He tries to get outside the tackle on every single play. This is what I call “a blind penetrator.” He tries to get into the backfield as quickly as possible on every play, and, if he does get past his blocker, he usually has no idea where the ball is. Frequently, when he is trying to get outside leverage, his aggressiveness simply results in a huge hole forming in the B gap (between the guard and the tackle) that the running back can hit every time. Either Washington is overaggressive, or he just realizes he sucks at stopping the run and figures he might as well go for the sack on every play. On the bright, Washington has loose hips and solid strength, so he is usually a pretty effective tackler.”

      • JW says:

        lol. that write up is pretty funny.
        yeah, draft history is chalk full of guys who look good in the mirror and jump out of the gym but have no football sense whatsoever. It is very enticing but must be balanced with game tape, for sure. I’d have no qualms with taking him in the later rounds but I’d have to see some awareness on the field to warrant anything before round 4, at this point.

      • What little I saw of him he didn’t look bad against the run at all. Not sure what this guy is talking about. I need to see more though.

        Washington is underdeveloped, particularly regarding his pass rush. He has long, strong arms but doesn’t know how to use them. When he does shed a block though, he make tackles and sacks that hurt to watch (in a good way).

  9. My guess is that Cornelius Washington probably worked himself into mid round consideration. The first and second round tend to be “starter” rounds where teams are much more risk averse. So I really doubt he’d go that high.

    I’m not against drafting him, but the three mid round pass rushers I want the most are Armonty Bryant, John Simon, and Corey Lemonier. I would draft all three if I could.

    I keep going back to study Lemonier and every time I do I like his potential more and more. I thought he really shined during drills as well. He’s a poor run defender, but at 255 pounds I have hope that Dan Quinn could turn that around.

    Bryant has some problems, the kind that scare away GMs who view draft picks as business decisions, but he’s a top 10 type talent physically and is a diamond in plain sight for those willing to look, much like Russell Wilson was a plain to see talent last year that was overlooked for a different variety of risk reasons.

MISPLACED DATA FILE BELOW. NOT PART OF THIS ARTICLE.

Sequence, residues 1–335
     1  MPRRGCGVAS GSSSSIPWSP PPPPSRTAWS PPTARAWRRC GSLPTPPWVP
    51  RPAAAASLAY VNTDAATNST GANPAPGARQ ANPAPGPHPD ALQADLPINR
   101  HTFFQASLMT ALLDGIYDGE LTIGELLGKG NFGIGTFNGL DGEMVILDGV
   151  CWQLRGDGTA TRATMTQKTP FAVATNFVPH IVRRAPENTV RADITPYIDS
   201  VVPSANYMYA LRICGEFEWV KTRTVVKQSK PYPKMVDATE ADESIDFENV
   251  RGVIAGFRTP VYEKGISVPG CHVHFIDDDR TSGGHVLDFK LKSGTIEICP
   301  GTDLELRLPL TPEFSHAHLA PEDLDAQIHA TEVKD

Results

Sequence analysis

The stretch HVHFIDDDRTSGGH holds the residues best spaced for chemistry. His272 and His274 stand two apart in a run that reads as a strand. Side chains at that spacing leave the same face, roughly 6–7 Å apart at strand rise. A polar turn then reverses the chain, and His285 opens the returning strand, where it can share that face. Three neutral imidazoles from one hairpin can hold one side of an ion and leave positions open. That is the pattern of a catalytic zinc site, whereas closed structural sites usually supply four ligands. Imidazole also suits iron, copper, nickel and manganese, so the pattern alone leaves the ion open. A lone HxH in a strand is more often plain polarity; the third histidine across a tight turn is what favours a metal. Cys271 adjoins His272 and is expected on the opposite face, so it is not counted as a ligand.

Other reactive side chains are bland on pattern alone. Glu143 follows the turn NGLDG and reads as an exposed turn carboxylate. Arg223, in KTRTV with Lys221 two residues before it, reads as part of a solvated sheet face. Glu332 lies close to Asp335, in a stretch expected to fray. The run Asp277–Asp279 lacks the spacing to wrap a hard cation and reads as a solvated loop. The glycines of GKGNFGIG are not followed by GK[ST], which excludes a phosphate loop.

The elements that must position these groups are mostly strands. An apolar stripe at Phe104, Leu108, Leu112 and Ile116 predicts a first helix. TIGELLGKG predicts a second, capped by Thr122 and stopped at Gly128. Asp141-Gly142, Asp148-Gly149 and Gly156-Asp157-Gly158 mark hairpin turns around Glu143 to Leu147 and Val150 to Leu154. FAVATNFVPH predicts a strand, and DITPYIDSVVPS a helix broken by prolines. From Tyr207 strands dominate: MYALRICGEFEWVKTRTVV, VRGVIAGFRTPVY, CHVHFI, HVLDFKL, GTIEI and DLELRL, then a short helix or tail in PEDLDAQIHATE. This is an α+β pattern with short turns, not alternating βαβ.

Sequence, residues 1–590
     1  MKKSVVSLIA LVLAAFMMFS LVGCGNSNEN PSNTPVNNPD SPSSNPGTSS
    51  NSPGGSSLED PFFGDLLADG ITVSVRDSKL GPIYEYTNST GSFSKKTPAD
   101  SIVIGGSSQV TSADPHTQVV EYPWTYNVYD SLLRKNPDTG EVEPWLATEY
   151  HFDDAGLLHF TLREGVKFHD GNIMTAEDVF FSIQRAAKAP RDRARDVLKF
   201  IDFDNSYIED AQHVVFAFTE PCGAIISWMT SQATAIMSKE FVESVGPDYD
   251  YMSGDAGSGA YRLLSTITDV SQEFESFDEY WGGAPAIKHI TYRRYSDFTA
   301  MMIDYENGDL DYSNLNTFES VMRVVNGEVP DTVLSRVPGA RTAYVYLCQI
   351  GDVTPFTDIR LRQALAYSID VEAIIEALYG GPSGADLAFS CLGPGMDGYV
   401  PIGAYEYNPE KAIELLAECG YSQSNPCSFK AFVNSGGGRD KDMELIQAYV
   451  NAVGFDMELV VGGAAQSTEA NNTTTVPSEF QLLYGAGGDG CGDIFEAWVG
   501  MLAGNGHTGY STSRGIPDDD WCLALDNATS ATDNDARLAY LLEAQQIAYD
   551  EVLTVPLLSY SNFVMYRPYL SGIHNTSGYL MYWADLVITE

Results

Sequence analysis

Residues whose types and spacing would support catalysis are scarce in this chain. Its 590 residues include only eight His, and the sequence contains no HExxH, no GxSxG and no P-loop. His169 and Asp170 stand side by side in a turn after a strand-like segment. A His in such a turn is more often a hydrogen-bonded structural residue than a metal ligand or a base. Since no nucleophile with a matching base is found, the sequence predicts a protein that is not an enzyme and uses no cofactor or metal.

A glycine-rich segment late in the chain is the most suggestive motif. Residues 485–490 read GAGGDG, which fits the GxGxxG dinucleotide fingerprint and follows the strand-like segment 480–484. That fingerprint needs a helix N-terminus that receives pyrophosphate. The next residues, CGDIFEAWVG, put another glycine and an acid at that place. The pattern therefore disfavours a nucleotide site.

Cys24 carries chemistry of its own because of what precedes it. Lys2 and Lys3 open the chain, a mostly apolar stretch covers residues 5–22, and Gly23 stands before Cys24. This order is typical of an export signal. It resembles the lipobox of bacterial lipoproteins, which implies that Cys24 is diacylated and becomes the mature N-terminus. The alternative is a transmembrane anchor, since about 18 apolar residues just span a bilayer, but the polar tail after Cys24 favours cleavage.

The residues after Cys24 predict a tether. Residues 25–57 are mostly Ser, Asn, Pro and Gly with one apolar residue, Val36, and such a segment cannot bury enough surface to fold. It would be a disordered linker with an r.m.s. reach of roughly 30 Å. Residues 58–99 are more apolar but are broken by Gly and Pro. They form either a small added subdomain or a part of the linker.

John Simon has the best pass rusher tape in the draft, and I don’t think it’s even close. In fact, he pushes the pocket more as a 3-tech than any of the big names do, and he did that while weighing 257 pounds. I’d draft him, tell him to pack on weight, and use him as a specialist until he’s big enough to play a regular role. He’s JJ Watt in miniature on tape. Maybe he’s too small or two slow for the NFL, but that’s a risk I want to take.

    • Ray g says:

      I’d be very happy with any of those three. I think the beauty pageant that is the combine tends to diminish the guy who can just play the game. How many times do you see guys with great measurables and combine numbers and mediocre tape get drafted over the “average” athlete who straps it on and makes play after play on Sunday.

    • Morgan says:

      Kip I can’t believe you just wrote that about Simon. I was just watching OSU games yesterday thinking the same thing! Sure his injury has made him miss the Senior Bowl and the combine tests, but why is no one talking about how great Simon looks on gameday?

      • Rob Staton says:

        We’ve talked about him a fair bit on here. Had him in my pre-season top-30 and loved him in 2011, let alone 2012. Great player. I’d draft him in round two.